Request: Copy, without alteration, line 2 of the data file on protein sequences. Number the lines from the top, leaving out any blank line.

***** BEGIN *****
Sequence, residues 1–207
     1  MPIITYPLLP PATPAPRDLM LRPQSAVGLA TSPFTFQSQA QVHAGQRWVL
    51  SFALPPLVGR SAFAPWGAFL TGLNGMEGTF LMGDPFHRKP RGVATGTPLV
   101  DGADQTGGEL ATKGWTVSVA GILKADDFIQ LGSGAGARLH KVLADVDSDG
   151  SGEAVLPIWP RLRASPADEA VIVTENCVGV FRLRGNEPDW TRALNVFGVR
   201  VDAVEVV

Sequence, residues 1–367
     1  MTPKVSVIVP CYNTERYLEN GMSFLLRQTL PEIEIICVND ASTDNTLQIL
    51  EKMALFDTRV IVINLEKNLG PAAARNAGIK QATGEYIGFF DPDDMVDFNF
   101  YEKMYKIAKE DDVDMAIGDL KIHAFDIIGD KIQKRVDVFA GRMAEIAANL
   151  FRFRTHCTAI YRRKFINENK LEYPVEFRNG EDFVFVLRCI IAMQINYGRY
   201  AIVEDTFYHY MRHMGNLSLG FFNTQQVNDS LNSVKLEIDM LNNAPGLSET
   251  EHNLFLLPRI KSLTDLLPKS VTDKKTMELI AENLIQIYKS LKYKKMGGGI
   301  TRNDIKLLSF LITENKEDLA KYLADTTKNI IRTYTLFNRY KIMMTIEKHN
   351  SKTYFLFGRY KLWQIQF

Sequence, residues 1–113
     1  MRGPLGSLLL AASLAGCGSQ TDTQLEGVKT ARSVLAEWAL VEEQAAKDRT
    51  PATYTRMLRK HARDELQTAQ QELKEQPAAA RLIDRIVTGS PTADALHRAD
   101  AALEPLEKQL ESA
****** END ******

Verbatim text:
     1  MPIITYPLLP PATPAPRDLM LRPQSAVGLA TSPFTFQSQA QVHAGQRWVL